Marvelous Middle Grade Monday
Mañanaland (Scholastic Press, 2020) by award-winning author Pam Muñoz Ryan is a wonderful tale of growing up and discovery.
Eleven-year-old Max likes to make up stories and wonder about big things, like what lay beyond the horizon, why his mother left, and if he’d ever meet her. But Papá does not like questions. He does give Max a compass that belonged to Renata. Max hopes he can find his mother and give the compass back to her. When Papá is out of town and someone comes looking for a guardian to help a traveler along the way, Max decides to be the escort to the next guardian who might have traveled with his mother. Maybe he’ll make it all the way to Mañanaland.
Here’s an interview with the author about what inspired the story. Read about the author here. Go here to check out her many many books.
Perfect Picture Book Friday
Going Down Home with Daddy (Peachtree, 2019) by Kelly Starling Lyons and illustrated by Daniel Minter is a sweet and touching story of family. Plus it’s lovely art made it a 2020 Caldecott honor book. Go here to read about the other awards this story has garnered.
It’s family reunion time and Lil Alan doesn’t haven anything for the celebration. Everyone will have something to share. Except him. Granny (great grandmother) welcomes them when they arrive. Other family members arrive until there are more cousins than he can count. Others talk about what they’ll share for the celebration, but Lil Alan only has empty hands.
You’ll have to read the book to find out along with Lil Alan that he has something to share after all.
Check out the author’s numerous other books here. Read about how Kelly became an author here.
See the illustrators some of his other books and art here. Read about Daniel and his work here–there are links to follow from that page, too.
Nowhere Boy (Roaring Brook Press, 2018) by Katherine Marsh is a fascinating tale of two boys whose lives intersect in Brussels, Belgium. Ahmed is fourteen and from Syria, and all alone. Max is thirteen and from America. From different cultures and struggling with both sides of the refugee question, the boys form a bond of friendship.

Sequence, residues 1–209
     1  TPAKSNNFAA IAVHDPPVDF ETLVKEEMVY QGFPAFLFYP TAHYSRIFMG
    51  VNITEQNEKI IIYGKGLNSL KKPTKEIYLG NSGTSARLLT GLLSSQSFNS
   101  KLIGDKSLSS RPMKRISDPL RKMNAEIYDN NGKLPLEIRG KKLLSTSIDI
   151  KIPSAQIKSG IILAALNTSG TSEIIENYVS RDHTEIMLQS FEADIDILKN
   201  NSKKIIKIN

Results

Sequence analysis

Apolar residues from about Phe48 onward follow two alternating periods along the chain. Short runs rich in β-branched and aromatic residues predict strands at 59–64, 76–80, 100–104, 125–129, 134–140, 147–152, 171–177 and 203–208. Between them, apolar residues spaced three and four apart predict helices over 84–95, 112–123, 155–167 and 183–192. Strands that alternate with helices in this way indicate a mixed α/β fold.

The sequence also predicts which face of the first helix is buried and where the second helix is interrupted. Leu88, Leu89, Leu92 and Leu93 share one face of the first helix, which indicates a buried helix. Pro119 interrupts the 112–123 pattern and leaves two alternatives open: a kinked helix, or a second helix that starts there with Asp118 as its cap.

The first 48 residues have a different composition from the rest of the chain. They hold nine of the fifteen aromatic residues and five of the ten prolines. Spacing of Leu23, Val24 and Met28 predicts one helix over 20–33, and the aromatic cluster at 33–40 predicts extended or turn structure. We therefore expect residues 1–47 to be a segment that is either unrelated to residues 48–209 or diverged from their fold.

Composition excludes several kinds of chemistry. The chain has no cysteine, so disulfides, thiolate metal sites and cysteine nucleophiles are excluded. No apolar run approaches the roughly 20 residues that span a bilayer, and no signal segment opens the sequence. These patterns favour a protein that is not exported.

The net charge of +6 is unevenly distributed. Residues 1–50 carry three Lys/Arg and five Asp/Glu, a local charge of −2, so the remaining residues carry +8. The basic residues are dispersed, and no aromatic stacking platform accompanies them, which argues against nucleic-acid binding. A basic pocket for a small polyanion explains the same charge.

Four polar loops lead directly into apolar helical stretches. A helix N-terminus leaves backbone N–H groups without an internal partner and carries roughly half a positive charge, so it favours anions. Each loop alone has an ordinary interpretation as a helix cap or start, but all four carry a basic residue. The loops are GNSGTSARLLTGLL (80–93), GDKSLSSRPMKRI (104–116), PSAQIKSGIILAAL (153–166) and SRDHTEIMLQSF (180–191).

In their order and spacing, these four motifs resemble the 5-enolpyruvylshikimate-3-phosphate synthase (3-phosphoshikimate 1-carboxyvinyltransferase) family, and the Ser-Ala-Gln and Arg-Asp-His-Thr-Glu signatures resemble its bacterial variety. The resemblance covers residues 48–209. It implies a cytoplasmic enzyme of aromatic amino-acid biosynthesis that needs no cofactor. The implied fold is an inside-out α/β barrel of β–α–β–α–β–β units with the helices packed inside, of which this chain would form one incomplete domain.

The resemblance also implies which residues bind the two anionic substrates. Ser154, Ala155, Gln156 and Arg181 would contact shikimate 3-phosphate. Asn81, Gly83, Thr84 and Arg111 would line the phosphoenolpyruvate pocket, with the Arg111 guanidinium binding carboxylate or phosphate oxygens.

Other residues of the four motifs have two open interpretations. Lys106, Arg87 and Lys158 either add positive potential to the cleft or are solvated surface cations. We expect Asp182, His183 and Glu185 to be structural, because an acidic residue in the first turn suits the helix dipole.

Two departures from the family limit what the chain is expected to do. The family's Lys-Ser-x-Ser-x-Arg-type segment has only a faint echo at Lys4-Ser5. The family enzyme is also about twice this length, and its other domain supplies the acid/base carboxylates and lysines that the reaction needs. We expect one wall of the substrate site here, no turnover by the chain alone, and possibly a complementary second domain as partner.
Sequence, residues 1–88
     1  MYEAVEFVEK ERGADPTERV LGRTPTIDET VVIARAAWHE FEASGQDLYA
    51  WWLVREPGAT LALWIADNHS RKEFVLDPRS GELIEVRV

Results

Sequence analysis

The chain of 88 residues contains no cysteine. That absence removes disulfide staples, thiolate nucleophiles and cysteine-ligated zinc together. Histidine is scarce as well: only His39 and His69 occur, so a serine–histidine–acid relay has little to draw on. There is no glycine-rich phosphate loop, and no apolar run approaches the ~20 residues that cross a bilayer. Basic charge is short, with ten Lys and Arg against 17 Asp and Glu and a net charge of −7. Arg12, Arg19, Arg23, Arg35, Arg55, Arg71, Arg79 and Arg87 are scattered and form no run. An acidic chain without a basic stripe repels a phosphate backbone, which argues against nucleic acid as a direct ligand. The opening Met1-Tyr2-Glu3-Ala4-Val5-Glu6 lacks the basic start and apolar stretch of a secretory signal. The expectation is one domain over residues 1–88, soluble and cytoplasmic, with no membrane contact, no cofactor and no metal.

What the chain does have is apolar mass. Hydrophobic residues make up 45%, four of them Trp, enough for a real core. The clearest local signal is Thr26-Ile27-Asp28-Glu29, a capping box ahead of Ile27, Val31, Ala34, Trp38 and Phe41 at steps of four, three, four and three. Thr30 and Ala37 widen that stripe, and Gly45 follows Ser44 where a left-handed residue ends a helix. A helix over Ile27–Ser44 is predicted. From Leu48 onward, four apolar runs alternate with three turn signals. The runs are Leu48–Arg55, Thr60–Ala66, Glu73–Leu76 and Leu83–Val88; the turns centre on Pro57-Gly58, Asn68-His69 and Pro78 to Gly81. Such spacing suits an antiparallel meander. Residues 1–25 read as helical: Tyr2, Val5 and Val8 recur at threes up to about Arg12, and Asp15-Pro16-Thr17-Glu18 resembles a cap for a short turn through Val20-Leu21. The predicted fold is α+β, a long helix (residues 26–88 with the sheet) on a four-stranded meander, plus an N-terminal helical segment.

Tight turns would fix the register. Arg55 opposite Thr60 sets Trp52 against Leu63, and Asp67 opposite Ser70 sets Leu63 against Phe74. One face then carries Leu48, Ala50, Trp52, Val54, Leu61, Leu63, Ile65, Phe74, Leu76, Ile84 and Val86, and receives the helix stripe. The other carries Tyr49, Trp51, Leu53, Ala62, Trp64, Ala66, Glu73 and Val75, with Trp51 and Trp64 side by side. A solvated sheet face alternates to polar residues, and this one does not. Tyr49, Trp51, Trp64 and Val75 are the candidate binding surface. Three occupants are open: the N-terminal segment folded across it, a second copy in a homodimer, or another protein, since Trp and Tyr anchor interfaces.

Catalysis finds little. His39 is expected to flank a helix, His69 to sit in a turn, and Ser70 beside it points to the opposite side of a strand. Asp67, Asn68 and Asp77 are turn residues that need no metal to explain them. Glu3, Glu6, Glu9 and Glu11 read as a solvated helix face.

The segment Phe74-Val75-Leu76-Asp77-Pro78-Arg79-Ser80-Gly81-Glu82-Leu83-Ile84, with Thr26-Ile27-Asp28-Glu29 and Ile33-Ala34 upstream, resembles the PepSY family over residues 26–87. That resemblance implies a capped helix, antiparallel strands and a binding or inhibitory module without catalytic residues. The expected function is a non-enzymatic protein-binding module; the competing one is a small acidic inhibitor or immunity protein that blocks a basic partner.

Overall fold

Don’t pass this book up. It’s a 2019 Bank Street Best Children’s Book and a 2019 American Library Association Notable. See other praise here.
Read about author Katherine Marsh here. Katherine is not afraid to venture into difficult subjects in her books. I recommended one here. I need to read her other middle grade books, too.
I have 271 book recommendation posts on my blog–some of those include multiple books. When I started the blog ten years ago, there wasn’t such a big push for diversity as there is now. Recently, I was curious how many of my entries were about diverse books. Doing some research, I discovered 49 of the entries had books with diverse characters who were integral to the story. (That’s about 18 percent.) The books were not necessarily fully focused on diversity, but at least presented an important character who was nonwhite or other “abled.” (If you want to see what books are included, search my blog for diversity.) If I’d looked at the fantasy books, many of them would fit the diversity category too, as fantasy books often deal with characters who are different from the mainstream of their culture, but I don’t think those books are usually counted as diverse.
I didn’t set out to read “diverse” books specifically. Fortunately, I was raised to believe people are people despite skin color, cultural differences, etc., which means when I hear of a good book, or pick up a book, I’m not automatically offended because the main character is not like me on the outside. What I see as I read is that these characters are so like me on the inside. Which is why it is so important for “white” kids, “abled” kids, poor, middle class, and rich kids to read these books. They need to see we are more alike than we are different!
On the other hand, according to the 2015 Census, about 62% of Americans are white only, 17% are Hispanic or Latino only, 13% are black only, 6% are Asian only, 1% are Native American or Alaskan, and 2.5% are two or more races. (Note: Arabs are classified as “white” for censuses.) And these statistics don’t include “differently abled.” But even with these skewed figures, it’d be hoped that good books are written by/about 40% nonwhite “abled” people. Because people who fit these “other” categories deserve to see themselves represented in story too.
The reality is we’re not there yet. Look closely at the above infographic. You might find this source post from September 2016 of interest. And here’s an interesting post on CCBC on how books are counted.
What can I as a white writer do? Deliberately support those writers who write diverse books by blogging about those books, buying them, sharing about them, etc. And support diversity organizations. I just came across this list: 2016 LINKY (Diversity Children’s Books Reviews). It can be a source for me to find books. Plus, I can let people know about it through twitter, etc. And, of course there’s the We Need Diverse Books organization. This site has links to awards for specific types of diverse books. Again, it’s another source to find books that I can share. SCBWI has a page on their site that focuses on diversity, plus has two diversity grants. Several of these diversity sites want you to notify them if you know of books, awards, etc. not on their lists. That’s something any of us can do.
FYI, Multicultural Children’s Book Day is coming up on January 27th. You can download a free kindness kit here.